Small Batch Guacamole Recipe
Guacamole is among the most internationally recognized foods of Mexico. And for good reason, what’s not to love about this buttery, creamy food that fell from the foodie heavens!
It can be as spicy as you like, and as smooth or chunky as you want. You can smear it over your quesadillas and burgers, and you can dip your chips and fried taquitos into it. Guacamole is great party and snack food. It’s always a hit and everyone loves it — unless you’re my weird husband, who can’t stand avocados. (Sorry for calling you out, tmi amor.)
Smooth or Chunky
Many people don’t know that depending on the region of Mexico guacamole can either be creamy-smooth like you see here, or a chunky one that uses avocado cut into small pieces. The latter is less know and this is simply do to that fact that most restaurants don’t serve it this way because it requires more avocados to make the guacamole, therefore meaning they’d have to charge an even higher price for it. So the guacamole with small avocado pieces is most often just served in private homes.
The recipe to authentic guacamole is simple: freshly mashed avocados, a little bit of salt, freshly squeezed lime juice, chopped tomatoes, and chile pepper. As always there are some variations and over the years ingredients like the cilantro and even garlic have been incorporated. But what is not considered as authentic or will transform guacamole into something that isn’t guacamole are ingredients like mayo, sour cream, and PEAS!
Peas do not belong in guacamole. If you’re going to mash peas with your mashed avocado then call it something else, but not guacamole! (OK, rant over. Sorry about that.)
For the green chiles you can use Serrano peppers or a milder jalapeño. If you’d like to make either chile less spicy you can remove the white membranes and the seeds. Also you can chop the chile as finely or roughly as you’d like. I like it just a little chunky so I can get a burst of heat in each bite.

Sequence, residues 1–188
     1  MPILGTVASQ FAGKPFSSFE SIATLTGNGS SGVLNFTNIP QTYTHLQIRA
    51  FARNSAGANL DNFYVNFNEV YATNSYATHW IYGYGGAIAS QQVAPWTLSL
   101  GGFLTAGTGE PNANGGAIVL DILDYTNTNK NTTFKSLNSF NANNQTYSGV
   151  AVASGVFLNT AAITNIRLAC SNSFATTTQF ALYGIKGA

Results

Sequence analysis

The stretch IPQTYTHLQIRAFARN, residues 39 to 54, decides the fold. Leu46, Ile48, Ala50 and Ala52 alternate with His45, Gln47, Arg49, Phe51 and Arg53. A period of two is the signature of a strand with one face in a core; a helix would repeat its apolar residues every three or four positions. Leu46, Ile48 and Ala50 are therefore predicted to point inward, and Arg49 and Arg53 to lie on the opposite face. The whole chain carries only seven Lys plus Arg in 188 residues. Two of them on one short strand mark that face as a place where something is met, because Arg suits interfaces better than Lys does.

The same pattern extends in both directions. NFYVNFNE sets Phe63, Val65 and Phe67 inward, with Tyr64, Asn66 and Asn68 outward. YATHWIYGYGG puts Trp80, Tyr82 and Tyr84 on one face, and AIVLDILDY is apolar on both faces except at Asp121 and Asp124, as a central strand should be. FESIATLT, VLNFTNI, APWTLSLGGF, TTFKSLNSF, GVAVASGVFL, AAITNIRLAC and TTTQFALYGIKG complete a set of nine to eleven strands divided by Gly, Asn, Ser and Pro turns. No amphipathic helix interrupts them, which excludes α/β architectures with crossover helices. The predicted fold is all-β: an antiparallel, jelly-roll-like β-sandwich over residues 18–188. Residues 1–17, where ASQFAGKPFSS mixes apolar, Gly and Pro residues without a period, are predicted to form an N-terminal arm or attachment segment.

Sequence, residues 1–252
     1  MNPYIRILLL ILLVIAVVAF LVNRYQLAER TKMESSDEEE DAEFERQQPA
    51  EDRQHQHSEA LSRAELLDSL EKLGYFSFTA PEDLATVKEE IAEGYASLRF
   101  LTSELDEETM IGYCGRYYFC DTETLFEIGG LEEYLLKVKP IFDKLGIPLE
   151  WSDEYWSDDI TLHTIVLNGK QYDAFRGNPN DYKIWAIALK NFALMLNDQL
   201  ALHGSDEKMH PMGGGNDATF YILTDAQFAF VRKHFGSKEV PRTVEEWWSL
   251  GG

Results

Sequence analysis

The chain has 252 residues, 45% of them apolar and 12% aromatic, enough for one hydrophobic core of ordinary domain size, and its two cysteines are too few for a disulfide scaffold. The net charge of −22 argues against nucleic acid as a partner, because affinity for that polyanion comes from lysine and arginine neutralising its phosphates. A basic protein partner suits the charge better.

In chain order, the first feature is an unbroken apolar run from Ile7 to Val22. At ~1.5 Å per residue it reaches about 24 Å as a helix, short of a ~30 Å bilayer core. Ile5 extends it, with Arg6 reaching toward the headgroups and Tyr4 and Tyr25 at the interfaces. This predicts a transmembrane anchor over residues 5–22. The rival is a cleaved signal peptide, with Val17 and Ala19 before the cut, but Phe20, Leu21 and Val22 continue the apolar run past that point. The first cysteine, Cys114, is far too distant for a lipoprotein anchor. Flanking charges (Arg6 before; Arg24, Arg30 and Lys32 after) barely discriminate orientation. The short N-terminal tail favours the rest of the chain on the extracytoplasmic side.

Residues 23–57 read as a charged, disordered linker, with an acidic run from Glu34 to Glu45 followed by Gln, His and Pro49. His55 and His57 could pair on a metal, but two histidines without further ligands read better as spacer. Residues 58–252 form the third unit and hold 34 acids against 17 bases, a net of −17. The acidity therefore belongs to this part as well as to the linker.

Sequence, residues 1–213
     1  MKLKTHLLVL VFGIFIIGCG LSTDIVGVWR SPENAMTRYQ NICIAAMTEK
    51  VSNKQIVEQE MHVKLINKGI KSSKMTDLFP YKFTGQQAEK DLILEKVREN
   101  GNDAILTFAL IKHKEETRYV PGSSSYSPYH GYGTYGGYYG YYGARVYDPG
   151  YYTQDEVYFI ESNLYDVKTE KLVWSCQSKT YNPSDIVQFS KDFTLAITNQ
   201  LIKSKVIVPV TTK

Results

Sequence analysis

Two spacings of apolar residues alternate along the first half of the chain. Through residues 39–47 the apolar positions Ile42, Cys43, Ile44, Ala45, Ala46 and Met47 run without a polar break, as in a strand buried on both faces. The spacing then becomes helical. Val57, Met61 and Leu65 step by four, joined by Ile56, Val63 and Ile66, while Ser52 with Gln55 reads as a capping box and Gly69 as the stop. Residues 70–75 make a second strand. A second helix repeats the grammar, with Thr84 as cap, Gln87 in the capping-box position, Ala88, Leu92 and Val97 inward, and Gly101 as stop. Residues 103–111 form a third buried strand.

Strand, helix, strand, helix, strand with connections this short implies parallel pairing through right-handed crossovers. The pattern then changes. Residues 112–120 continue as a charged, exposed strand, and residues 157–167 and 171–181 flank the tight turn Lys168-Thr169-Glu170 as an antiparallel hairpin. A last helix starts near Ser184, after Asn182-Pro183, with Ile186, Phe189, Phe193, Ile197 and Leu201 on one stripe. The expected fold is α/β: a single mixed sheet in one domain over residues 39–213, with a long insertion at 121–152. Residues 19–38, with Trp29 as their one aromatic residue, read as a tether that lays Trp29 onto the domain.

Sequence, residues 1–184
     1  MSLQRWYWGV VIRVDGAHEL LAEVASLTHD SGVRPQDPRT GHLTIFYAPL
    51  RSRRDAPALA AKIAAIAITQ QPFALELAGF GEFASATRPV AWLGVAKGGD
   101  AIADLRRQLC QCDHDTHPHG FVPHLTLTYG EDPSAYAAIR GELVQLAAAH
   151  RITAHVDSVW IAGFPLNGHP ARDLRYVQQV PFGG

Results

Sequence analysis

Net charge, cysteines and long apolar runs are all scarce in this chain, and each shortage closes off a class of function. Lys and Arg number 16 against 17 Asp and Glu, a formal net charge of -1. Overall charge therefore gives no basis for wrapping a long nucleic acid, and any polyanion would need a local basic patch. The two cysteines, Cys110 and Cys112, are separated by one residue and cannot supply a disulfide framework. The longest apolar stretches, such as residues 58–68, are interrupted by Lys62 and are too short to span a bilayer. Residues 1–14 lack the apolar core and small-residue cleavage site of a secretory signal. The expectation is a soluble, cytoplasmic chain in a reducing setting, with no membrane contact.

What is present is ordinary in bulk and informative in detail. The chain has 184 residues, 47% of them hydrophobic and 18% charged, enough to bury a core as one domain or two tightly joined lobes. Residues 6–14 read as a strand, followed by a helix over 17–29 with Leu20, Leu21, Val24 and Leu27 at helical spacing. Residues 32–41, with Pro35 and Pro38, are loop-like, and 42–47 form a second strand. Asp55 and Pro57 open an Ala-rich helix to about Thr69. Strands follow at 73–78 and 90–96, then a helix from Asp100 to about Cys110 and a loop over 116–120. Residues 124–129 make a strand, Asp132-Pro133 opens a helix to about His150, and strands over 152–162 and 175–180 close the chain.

Every (traditional) ingredient added to guacamole plays a role in the taste and texture of the dish. Of course the avocado play the main role in providing the thick creaminess that mellows the other ingredients, yet brings them all together. The lime juice provides a zing of tartness, the tomatoes add almost a sweetness and of course, the pepper adds the burst of heat in every bite. Cilantro is also a great addition because it gives the guacamole a citrusy, herbiness to the guacamole. Occasionally I also like to add the garlic for that awesome garlicky touch that works so perfectly well with all of the other ingredients.
No More Brown Guacamole
Guacamole is amazing but it does leave people with one problem, the oxidation of the avocado that makes it turn a not too pleasant shade of brownish-green. Below are 3 ways you can prevent this from happening.
• Lime juice, the citrus acid helps prevent oxidation.
• Avocado pit, after you’re done making your guacamole place the avocado pit in it. This has been traditionally done in Mexico for a very long time.
• Plastic wrap, if you’re not serving your guacamole right away or are storing leftovers cover it with plastic kitchen wrap. But make sure you put the plastic wrap right on top of the guacamole, you want it touching. This will prevent any oxygen getting into the guacamole and will keep the pretty light green color.